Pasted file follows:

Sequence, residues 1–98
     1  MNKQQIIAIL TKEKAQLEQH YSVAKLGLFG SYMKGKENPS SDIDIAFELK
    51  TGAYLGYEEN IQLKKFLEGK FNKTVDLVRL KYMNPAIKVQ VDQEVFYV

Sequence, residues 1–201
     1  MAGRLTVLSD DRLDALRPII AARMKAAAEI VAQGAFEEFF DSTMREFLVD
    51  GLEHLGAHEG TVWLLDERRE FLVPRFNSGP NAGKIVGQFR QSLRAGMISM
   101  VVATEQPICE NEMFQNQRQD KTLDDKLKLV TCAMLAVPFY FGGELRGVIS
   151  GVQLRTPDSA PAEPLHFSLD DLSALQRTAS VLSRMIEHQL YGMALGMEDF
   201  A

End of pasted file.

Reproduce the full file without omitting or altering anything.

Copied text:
Sequence, residues 1–98
     1  MNKQQIIAIL TKEKAQLEQH YSVAKLGLFG SYMKGKENPS SDIDIAFELK
    51  TGAYLGYEEN IQLKKFLEGK FNKTVDLVRL KYMNPAIKVQ VDQEVFYV

Sequence, residues 1–201
     1  MAGRLTVLSD DRLDALRPII AARMKAAAEI VAQGAFEEFF DSTMREFLVD
    51  GLEHLGAHEG TVWLLDERRE FLVPRFNSGP NAGKIVGQFR QSLRAGMISM
   101  VVATEQPICE NEMFQNQRQD KTLDDKLKLV TCAMLAVPFY FGGELRGVIS
   151  GVQLRTPDSA PAEPLHFSLD DLSALQRTAS VLSRMIEHQL YGMALGMEDF
   201  A